The real Good Ship Lollipop


Last updated at 10:45 17 August 2005

It is the sort of idea that sounds as if it was dreamt up after a hard night in an Amsterdam coffee shop - building a replica Viking ship from 15million ice cream sticks.

But, whatever the inspiration, the modern Good Ship Lollipop set sail for the first time yesterday in the Dutch capital's harbour.

The 15-metre ship, which took two years and two tons of glue to build - not to mention plenty of ice-cream eating - sailed for around 90 minutes.

Weighing in at 12 metric tons, the 'Mjollnir', named after the hammer of the Norse god Thor, was rowed around the River Ij by a team of volunteers.

Before yesterday's big launch, there were fears its first voyage would also be its last. The biggest worry was that the keel might be too light and the vessel would capsize.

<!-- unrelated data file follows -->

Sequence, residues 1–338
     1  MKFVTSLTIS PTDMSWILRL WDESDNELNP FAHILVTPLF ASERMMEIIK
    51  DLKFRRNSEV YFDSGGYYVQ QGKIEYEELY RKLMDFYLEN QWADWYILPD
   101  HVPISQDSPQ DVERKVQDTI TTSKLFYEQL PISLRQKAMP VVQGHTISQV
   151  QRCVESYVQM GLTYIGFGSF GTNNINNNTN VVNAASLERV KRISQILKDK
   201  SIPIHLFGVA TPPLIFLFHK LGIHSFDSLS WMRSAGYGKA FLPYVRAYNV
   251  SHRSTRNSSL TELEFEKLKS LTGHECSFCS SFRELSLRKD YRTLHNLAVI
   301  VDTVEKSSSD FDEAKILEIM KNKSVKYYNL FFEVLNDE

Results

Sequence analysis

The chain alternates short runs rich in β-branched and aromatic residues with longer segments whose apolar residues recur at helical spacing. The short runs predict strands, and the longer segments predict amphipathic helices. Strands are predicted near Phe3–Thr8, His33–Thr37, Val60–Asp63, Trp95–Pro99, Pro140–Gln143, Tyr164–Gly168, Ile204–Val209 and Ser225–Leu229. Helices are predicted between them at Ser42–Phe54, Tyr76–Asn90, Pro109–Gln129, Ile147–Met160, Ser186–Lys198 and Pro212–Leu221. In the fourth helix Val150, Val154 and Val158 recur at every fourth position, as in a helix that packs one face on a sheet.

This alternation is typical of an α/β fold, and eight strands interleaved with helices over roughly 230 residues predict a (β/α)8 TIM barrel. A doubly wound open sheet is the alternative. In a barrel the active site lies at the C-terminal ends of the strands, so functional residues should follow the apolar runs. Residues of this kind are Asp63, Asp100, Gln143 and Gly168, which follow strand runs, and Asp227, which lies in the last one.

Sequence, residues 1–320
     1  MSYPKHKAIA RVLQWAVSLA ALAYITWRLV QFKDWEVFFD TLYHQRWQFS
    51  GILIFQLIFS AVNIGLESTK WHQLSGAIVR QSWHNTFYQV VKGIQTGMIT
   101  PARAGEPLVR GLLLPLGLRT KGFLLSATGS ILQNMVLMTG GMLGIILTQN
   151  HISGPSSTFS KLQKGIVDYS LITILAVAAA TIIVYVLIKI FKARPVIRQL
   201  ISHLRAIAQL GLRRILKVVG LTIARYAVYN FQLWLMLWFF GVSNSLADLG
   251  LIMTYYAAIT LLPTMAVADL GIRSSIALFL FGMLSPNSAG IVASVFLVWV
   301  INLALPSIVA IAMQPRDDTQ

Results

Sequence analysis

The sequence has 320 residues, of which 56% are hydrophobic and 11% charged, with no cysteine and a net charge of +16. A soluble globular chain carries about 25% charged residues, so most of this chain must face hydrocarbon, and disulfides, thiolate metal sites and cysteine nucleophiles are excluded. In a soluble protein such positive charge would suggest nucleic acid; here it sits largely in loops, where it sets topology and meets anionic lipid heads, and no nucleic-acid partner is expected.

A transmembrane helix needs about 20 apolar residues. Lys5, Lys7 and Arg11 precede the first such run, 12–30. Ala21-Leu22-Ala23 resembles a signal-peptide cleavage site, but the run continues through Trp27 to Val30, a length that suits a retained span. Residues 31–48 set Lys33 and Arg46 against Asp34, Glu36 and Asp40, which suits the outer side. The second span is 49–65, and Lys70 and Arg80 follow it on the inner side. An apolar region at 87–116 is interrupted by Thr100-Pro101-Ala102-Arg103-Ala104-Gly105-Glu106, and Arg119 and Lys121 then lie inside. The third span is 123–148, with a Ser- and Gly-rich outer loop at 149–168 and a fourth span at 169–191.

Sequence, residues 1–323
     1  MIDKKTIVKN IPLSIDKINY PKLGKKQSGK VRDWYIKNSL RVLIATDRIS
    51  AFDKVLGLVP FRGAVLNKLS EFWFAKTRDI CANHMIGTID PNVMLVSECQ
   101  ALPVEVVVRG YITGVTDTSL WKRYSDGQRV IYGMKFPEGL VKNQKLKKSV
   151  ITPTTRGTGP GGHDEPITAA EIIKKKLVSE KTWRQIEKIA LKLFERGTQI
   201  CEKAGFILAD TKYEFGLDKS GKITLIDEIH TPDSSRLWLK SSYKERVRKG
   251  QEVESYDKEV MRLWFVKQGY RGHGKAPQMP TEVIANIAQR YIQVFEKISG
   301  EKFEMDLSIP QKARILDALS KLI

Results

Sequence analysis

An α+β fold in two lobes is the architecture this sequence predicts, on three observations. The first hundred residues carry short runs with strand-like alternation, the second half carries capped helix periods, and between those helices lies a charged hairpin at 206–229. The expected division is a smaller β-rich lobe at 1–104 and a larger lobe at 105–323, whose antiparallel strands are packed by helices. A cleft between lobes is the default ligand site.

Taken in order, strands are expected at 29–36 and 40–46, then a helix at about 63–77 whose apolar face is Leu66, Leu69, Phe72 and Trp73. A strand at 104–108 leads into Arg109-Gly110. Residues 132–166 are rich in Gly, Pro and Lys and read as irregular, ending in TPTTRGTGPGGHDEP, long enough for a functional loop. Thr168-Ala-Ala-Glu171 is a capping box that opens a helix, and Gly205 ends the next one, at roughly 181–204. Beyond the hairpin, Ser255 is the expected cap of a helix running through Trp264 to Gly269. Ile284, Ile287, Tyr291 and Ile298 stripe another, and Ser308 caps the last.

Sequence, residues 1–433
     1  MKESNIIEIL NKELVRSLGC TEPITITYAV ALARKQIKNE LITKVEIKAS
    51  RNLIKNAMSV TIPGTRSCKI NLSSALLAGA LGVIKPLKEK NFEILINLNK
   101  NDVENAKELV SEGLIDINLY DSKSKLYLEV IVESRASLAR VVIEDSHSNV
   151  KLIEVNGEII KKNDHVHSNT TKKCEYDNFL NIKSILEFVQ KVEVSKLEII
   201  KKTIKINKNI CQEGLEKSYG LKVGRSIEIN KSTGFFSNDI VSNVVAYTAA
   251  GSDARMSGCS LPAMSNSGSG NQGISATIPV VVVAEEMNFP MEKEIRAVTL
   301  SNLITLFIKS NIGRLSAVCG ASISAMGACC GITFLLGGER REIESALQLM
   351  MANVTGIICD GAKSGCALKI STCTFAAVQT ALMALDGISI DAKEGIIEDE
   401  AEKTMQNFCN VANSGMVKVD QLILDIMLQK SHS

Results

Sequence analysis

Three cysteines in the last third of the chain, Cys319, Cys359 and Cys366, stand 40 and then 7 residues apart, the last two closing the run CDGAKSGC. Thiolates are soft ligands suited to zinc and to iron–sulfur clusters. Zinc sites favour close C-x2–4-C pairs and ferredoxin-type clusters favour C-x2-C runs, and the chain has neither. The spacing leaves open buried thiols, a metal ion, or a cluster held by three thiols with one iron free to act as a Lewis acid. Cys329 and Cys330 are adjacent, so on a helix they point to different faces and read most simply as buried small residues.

The ship is the brainchild of former Hollywood stuntman, Robert McDonald, who now lives in the Netherlands. 'Captain Rob', whose Sea Heart Foundation provides leisure activities for children in hospitals, hopes to sail his Viking ship across the Atlantic next year.

"That's still the ultimate goal, to sail across the Atlantic - Viking-style," said the 45-year-old.

No comments have so far been submitted. Why not be the first to send us your thoughts, or debate this issue live on our message boards.

We are no longer accepting comments on this article.

Who is this week's top commenter? Find out now